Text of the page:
Within a fortnight we received word from Christian that he had secured not one but three wineries willing to place their Ontario wine distribution fates in the hands (and palate) of this wannabe agent. I should point out that the Liquor Control Board of Ontario (LCBO) mandates that any given winery can have but one exclusive agent to represent them in all of Ontario (this makes no sense whatsoever except to simplify the administrative workload of the LCBO). These intrepid producers were: Champagne Forget-Brimont, a small artisan bubbly house working with only premier and grand cru fruit: Domaine de Tara , a beautiful vineyard that was owned by a mother and daughter team located not far from the ochre-rich village of Roussillon, and; Château Beauferan situated near Aix-en-Provence that was owned by a couple who also operated an exotic timber business in Liberia. (Champagne Forget-Brimont and Domaine de Tara remain with us (although the latter has changed ownership), but we were unable to generate much business for Château Beauferan and had to cut ties).

Soon after, the A&GCO issued us our licence to import beverage alcohol into Ontario. Hey, maybe this is going to work; but what to do next? Lo and behold, out of the blue ‘next’ found us! Nicholas Gouguenheim, representing the Adhesion Group called and invited me to attend a special wine event being held at the Carlton Hotel in Cannes … all expenses paid (it was only by great good fortune that I didn’t respond by asking if he also needed some help getting his massive inheritance out of Nigeria).  It seems he found me through the A&GCO list of Ontario agents. The only conditions were that I had to spend three days at the hotel (where Cary Grant cavorted with Grace Kelly in To Catch a Thief) meeting representatives from wineries located around the Mediterranean and, currently  import at least 50,000 bottles of wine annually. Gulp. I said that I would be pleased to meet the winery folks, because I needed more wineries, but fessed up that I had yet to import a single bottle. Silence! Then: “We want you to come anyway,” he melodramatically intoned. I cheekily negotiated Hélène into the deal and the next chapter of our adventure in wine was set in motion.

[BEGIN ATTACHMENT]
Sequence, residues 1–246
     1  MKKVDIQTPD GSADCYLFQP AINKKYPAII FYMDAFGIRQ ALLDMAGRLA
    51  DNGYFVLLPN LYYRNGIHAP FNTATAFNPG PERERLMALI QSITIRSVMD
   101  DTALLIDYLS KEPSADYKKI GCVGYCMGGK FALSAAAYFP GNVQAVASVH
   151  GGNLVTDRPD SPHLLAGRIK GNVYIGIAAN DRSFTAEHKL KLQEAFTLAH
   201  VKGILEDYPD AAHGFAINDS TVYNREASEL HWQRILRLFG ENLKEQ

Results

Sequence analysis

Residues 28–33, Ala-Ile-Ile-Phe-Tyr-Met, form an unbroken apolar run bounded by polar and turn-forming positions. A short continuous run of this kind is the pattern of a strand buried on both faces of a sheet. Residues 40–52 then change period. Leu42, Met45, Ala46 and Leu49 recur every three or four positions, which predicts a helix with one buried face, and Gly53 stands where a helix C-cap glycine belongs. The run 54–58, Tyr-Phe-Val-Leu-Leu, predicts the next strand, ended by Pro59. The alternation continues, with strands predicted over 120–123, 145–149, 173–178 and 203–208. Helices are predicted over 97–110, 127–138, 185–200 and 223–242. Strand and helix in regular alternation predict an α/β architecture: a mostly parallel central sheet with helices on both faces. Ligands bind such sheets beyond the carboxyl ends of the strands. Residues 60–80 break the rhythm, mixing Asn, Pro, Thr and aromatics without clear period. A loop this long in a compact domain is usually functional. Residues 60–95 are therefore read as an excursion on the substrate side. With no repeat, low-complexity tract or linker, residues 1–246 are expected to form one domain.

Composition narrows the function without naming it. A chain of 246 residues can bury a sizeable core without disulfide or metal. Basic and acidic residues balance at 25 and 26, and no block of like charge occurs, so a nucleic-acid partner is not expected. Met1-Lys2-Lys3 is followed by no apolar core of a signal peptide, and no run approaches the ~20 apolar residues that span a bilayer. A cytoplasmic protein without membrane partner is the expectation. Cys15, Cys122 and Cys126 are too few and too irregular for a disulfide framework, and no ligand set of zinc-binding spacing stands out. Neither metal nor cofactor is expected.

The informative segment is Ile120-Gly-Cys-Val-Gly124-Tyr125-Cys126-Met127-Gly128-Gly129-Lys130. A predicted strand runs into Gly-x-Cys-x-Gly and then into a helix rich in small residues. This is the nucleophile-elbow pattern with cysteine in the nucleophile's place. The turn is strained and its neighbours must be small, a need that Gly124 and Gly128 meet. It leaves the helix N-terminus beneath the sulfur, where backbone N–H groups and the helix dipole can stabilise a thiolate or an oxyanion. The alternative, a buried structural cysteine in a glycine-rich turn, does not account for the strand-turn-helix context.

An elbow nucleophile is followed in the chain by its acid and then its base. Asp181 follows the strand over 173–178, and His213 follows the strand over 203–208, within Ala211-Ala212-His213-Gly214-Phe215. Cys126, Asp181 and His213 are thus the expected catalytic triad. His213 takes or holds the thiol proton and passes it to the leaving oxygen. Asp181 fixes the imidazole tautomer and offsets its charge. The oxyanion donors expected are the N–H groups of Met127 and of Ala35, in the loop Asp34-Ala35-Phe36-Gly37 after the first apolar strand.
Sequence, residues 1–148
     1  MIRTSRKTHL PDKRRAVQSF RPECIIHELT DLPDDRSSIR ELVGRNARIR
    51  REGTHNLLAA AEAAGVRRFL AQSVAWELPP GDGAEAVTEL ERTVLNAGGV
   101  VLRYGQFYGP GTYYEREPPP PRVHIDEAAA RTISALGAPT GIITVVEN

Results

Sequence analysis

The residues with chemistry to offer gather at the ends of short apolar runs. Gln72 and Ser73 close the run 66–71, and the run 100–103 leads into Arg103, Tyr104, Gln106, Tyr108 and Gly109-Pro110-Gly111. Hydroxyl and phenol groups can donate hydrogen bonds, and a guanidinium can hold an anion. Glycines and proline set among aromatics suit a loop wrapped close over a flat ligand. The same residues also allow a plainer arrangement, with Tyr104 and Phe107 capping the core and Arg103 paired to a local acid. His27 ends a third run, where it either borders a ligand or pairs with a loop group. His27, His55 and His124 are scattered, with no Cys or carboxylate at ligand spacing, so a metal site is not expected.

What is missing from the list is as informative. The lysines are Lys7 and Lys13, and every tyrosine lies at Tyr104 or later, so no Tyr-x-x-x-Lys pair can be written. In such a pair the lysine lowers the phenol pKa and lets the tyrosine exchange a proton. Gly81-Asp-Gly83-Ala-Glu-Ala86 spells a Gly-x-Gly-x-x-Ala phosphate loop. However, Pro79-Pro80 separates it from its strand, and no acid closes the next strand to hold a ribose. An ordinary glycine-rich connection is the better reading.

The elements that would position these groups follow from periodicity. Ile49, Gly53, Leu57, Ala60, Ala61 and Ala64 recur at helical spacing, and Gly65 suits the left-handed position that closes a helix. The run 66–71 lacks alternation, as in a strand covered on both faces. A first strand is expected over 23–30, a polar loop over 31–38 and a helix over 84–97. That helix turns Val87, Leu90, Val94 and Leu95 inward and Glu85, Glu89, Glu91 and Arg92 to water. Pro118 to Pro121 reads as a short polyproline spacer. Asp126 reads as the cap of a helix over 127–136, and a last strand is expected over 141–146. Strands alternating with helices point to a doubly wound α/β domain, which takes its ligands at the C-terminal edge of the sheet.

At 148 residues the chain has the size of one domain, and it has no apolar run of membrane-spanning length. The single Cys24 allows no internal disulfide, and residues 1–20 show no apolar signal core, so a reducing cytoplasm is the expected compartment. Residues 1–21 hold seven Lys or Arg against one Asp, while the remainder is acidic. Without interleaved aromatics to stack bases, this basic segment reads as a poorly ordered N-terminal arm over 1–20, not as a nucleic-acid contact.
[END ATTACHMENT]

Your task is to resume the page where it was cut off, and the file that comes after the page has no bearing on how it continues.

The dramatic conclusion next time.

Thinking about Domaine de Tara reminded me that I had stashed away a bottle of their premium 2012 Hautes Pierres Blanc for a particularly parched moment. So, upon completing my first article, I pulled it out, uncorked it and bid adieu to all things parched. This very big, serious white wine was made from 56 per cent Grenache Blanc and 44 per cent Roussanne. With a miserly yield of only 30 hl/ha, it was aged in French oak barrels (20 per cent new) for 12 months. It really should have been decanted at least an hour before serving, but who could wait? A light golden-yellow with amber highlights, it offered up an intense and elegant nose of grapefruit, apricots, pineapple, ripe peaches and a hint of honey and toast. In the mouth it was full, balanced and extremely pleasing with a lingering, velvety finish that contained traces of citrus and honey. Nicely chilled at 11°C, it was screaming out to be matched with sole meunière, fresh trout amandine, richly flavoured poultry or veal dishes, foie gras and chèvre cheese. As the Guide Dussert-Gerber des Vins de France has said about this wine: “Why resist?” I didn’t.